Backstage: Kennedy Center’s ‘Adventures of Homer P. Figg’ and ‘Jekyll & Hyde’


Constantine Maroulis, left, Laird Mackintosh, center, and Deborah Cox, right, star in the “dangerous, sexy, steampunk” production of “Jekyll & Hyde” at the Kennedy Center. (Chris Bennion)

In a fight scene during a recent rehearsal for “The Mostly True Adventures of Homer P. Figg,” a Kennedy Center world premiere production for young audiences, director Gregg Henry and his cast debated the merits of a knife throw.

Joe Brack, who plays one of Homer’s many enemies, suggested changing the grip to avoid accidentally stabbing his sparring partner, James J. Johnson: “I’d rather poke my thumb a little than catch you in the throat with it.”

Based on the book of the same name by Rodman Philbrick, “Homer P. Figg” tells the story of the young Homer, who, in a plot twist befitting the Greek poet, embarks on an epic journey across Civil War-ravaged America to find his brother and bring him home again.

Take two. Brack switches registers from his normal speaking voice to a goofy-gravelly hybrid, like a Looney Tunes villain who smokes a pack a day. “The time for talking is done!” he snarls. Apparently, so is the time for knife-tossing; deemed too dangerous, the trick is eliminated.

“It’s really fun but mixed with some serious issues,” Henry said. “The Battle of Gettysburg was no picnic.”

Brack and Johnson are just two Washington-based members of the local cast, which also features Veronica del Cerro and three Michaels (Glenn, Russotto and Sazonov). Homer P. Figg, the 12-year-old adventurer, is played by Ryan Mercer, 22, who graduated from Catholic University in May. “Homer P. Figg” is the Columbia native’s first professional show.

Mercer refers to himself as “baby-faced,” and this is not inaccurate: He could easily pass for a secret sixth member of One Direction. He does not actually look 12 years old, but he definitely still gets carded at bars.

“One time, I actually had to grow some facial hair and play a 25-year-old. I don’t know how convincing I was,” he admitted. “I think I might have been the third replacement. Whatever. Living the dream here!”

If nothing else, Mercer said, “I think I’ve got the children’s theater and the children’s roles on lockdown.”

Saturday through Dec. 9, 2700 F St. NW, kennedy-center.org, 202-467-4600.

A steampunk ‘Jekyll & Hyde’

Jeff Calhoun, who is directing the touring production of “Jekyll & Hyde” that comes to the Kennedy Center over Thanksgiving, should have some special insight to local audiences. He’s been an associate artist at Ford’s Theatre since 2006.

Except — no offense, Washington! — Calhoun doesn’t think there’s anything all that special about D.C. theatergoers. His not-so-secret secret to success: “You do good shows, they like it. You don’t, they don’t. . . . But I don’t find audiences vary that much.”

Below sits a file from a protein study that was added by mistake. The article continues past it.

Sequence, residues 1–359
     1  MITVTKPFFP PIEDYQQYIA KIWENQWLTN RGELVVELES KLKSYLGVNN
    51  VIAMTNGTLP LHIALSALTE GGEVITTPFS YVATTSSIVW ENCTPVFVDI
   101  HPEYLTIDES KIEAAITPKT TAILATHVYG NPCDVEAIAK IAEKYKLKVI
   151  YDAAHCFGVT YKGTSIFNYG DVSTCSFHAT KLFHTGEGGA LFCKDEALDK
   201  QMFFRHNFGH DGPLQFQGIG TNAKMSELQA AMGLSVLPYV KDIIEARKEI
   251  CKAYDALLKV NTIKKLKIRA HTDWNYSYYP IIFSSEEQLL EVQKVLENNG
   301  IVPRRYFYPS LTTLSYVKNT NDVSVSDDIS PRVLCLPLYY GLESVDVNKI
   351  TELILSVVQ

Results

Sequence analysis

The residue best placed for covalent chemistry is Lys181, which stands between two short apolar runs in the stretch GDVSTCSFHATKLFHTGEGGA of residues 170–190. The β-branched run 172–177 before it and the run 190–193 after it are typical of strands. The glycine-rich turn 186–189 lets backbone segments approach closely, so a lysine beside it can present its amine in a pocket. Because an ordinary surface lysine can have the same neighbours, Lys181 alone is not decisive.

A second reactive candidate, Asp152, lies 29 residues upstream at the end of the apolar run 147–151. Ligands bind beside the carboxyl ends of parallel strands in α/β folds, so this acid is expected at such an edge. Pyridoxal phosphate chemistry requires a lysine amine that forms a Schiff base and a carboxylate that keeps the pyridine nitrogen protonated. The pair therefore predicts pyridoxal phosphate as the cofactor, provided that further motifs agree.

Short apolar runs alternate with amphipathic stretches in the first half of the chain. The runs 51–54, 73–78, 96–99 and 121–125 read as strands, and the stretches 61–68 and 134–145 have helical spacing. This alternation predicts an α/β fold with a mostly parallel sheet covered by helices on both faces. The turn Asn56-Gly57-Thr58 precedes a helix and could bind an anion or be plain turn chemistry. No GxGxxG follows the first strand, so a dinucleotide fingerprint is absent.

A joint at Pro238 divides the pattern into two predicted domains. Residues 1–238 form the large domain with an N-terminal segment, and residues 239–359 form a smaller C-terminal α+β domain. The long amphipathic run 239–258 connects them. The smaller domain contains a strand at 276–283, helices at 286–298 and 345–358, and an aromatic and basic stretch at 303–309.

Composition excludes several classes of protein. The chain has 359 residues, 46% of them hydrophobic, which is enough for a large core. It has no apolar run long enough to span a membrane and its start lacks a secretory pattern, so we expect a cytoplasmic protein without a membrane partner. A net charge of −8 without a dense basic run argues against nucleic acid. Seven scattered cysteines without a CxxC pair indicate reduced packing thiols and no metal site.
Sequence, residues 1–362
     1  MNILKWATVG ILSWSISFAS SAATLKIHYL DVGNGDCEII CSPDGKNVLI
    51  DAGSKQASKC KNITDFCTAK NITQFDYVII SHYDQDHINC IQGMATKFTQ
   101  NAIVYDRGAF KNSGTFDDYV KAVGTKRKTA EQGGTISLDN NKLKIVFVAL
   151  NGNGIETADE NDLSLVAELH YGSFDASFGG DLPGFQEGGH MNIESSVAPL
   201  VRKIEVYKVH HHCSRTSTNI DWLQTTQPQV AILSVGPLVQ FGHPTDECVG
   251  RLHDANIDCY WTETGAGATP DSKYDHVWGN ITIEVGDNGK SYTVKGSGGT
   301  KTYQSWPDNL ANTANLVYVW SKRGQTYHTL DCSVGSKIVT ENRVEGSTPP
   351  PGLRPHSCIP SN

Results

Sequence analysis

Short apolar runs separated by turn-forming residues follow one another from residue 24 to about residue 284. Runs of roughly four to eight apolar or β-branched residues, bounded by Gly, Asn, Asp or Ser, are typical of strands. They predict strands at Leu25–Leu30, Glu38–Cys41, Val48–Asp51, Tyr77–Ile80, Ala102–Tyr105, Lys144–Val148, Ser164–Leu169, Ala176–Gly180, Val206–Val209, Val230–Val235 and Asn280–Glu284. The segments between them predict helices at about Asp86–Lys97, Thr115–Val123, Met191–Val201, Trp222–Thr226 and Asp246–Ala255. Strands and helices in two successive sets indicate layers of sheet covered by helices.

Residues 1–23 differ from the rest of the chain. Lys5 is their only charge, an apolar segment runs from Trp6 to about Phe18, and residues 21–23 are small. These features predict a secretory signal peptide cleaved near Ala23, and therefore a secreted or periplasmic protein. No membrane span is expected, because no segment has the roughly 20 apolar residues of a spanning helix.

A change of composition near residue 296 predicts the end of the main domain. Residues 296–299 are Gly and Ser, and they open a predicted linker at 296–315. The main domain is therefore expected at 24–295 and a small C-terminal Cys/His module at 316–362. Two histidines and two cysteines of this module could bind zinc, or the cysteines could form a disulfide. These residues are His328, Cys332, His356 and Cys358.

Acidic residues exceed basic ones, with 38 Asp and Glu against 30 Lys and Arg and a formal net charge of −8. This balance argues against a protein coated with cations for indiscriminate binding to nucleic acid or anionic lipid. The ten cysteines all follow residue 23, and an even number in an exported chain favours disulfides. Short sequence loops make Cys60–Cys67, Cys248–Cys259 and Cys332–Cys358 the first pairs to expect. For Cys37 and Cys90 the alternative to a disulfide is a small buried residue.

He’s certainly got enough experience to back up his claim. In addition to helming “Jekyll & Hyde,” Calhoun has worked on 17 Broadway shows, seven of which he directed, including Disney’s “Newsies.”

Calhoun didn’t want to mess with the formula that’s made “Jekyll & Hyde” stay relevant. “You can’t argue with the story,” he said. “It’s a classic story of good and evil.” But he still wanted to find a way to breathe modern life into a tale that’s more than 100 years old. The solution: steampunk.

“Hopefully we’ve created a dangerous, sexy, steampunk visual,” Calhoun said. “Those were the three words [scenic and costume designer Tobin Ost] and I kept coming back to.”

The other major challenge, besides ripping the 19th-century bodices for the enjoyment of 21st-century patrons, was finding a practical way to integrate the chorus into the narrative. Calhoun pointed out that many shows end up having random, loopy villagers suddenly chime into these musical numbers without any apparent justification for their involvement. “It feels dated and antiquated, quite frankly, in today’s market,” he said.

Inspired by his love of “Downton Abbey,” Calhoun “made [the chorus] the servants of the upper crust to really help the metaphor of the haves and the have-nots.”

He anticipates that patrons will see themselves in the show, perhaps in ways they’d rather not. “We all like to think of ourselves as [Jekyll],” he said. “But I think if we’re honest, those secret confessions one makes in their heart, I think there’s a piece of [Hyde] in all of us.”

Nov. 20-25, 2700 F St. NW, kennedy-center.org, 202-467-4600.

Shabbat shows for Theater J

For the first time in its history, Theater J is holding Saturday matinees. Financial transactions will still not take place on the Sabbath; patrons need to be subscribers or have purchased tickets in advance.

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